Copyright of Arman Zhenikeyev

6th COVID-19 health study finds that one in three of us are lonely

For the sixth time since the onset of the coronavirus pandemic the public health science institute Sciensano has carried a health survey of the general population in Belgium. The survey also looked at the metal well-being of people living here. 20,000 people took part in the survey that was carried out between 18 and 25 March. A large number of those questioned said that they feel limited in their social contacts. 

The measures designed to curb the spread of coronavirus have meant that all of us have been obliged to limit our social contacts. Most of those questioned feel that this is something that they miss. 

The feeling of missing social contact with others is most prevalent among people between the ages of 30 and 49. 69% of those in this age demographic say that they are missing the social contact they had with (extended) family, friends and work colleagues. 65% of people between the ages of 50 and 65 said the same.

Couples and single people with children are the most unhappy with the lack of contact with people from outside their homes. 70% of couples and 69% of single parents said that they miss being able to socialise. This was 73% among people living with a disability.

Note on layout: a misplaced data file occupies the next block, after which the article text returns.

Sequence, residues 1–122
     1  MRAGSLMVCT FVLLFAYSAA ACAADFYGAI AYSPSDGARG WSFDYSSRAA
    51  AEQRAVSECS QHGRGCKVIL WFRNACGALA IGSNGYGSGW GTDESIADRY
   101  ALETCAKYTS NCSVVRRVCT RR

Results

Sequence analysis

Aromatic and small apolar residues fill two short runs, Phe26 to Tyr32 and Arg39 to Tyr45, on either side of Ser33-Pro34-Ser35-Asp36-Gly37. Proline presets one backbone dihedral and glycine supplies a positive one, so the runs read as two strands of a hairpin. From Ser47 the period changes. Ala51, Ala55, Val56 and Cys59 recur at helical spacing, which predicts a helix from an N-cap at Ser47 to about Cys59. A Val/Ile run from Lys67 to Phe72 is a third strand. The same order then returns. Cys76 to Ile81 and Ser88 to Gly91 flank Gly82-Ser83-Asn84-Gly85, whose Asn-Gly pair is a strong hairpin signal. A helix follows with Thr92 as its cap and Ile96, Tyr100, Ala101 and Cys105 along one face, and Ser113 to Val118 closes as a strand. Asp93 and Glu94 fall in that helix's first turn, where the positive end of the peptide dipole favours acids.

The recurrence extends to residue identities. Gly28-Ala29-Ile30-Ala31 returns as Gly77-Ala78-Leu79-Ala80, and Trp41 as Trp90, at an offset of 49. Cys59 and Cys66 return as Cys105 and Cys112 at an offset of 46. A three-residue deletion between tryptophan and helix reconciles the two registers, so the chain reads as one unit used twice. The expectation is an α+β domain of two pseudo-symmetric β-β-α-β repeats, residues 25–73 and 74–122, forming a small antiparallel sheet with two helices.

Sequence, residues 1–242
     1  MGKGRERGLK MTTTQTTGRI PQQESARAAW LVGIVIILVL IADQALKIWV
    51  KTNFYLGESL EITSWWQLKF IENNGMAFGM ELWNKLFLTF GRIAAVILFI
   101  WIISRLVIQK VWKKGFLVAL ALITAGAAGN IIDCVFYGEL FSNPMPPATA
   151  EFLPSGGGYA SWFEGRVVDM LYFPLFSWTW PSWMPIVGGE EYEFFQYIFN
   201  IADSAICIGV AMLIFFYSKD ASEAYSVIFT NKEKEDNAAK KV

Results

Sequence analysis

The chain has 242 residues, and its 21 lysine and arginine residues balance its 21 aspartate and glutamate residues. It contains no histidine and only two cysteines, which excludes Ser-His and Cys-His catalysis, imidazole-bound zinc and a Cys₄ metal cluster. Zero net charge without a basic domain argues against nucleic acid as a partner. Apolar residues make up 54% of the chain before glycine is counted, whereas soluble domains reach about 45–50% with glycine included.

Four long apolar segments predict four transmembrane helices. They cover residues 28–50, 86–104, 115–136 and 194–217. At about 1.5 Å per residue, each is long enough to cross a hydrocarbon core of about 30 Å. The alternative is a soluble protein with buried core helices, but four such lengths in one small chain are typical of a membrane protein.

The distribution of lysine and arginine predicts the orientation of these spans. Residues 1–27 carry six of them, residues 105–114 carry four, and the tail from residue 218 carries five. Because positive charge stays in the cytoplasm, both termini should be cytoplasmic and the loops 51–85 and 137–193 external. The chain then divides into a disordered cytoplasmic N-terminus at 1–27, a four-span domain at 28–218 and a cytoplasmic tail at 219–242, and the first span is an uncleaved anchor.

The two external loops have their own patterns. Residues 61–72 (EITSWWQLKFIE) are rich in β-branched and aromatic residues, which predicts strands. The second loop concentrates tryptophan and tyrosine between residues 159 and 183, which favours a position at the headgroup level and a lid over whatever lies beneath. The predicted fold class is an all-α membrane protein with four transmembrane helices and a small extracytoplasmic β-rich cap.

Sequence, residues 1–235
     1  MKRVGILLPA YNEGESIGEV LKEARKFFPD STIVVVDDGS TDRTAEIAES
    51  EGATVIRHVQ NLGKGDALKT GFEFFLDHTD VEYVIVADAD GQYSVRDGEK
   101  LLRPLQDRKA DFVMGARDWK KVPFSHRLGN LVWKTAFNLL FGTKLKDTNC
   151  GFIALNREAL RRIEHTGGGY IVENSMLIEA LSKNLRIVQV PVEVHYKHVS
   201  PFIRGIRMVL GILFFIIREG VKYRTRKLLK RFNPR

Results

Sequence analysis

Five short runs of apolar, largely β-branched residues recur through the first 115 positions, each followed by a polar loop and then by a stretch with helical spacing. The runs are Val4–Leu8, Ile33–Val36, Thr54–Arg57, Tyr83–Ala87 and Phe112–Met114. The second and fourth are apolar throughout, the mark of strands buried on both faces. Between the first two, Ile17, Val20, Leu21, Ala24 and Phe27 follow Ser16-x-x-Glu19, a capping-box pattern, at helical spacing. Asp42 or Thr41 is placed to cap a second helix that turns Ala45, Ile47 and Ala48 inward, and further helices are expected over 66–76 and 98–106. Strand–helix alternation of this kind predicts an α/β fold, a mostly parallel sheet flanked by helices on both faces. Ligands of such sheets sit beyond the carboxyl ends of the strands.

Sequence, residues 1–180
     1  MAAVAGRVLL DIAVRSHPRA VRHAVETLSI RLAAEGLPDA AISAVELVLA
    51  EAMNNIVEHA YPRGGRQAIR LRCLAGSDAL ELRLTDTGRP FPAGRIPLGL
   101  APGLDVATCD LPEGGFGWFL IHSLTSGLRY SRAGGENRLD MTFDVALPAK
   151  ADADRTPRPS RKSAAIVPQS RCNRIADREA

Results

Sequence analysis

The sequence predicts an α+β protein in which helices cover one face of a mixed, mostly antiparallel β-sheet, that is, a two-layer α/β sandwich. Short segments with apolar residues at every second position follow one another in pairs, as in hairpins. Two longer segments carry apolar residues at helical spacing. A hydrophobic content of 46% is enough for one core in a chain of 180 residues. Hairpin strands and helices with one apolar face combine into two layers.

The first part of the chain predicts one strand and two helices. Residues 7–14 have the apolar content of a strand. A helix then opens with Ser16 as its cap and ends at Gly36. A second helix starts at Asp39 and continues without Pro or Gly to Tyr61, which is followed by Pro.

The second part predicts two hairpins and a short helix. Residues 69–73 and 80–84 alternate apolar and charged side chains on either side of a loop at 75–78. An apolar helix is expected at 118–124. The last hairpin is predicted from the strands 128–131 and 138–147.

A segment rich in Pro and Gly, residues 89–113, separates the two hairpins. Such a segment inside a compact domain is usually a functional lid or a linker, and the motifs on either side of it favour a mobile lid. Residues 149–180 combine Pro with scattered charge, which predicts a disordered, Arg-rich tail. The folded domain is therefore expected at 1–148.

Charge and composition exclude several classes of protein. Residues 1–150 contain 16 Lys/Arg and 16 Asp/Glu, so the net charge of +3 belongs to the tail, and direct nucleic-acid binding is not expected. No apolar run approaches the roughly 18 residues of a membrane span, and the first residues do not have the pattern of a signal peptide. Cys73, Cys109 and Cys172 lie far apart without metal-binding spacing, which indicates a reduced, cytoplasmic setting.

One in three people that took part in the survey said that they feel very lonely. 25% of those surveyed said that they suffer from anxiety and/or depression.  

34% of those aged between 18 and 29 said that they suffered anxiety, while 38% said that they suffered from depression. In this age demographic Women especially (40% of them) suffer from anxiety and/or depression.

Possibly the most alarming figure of all is that one in four of those surveyed said that they had had suicidal thoughts at least one since the start of the coronavirus crisis last March. 

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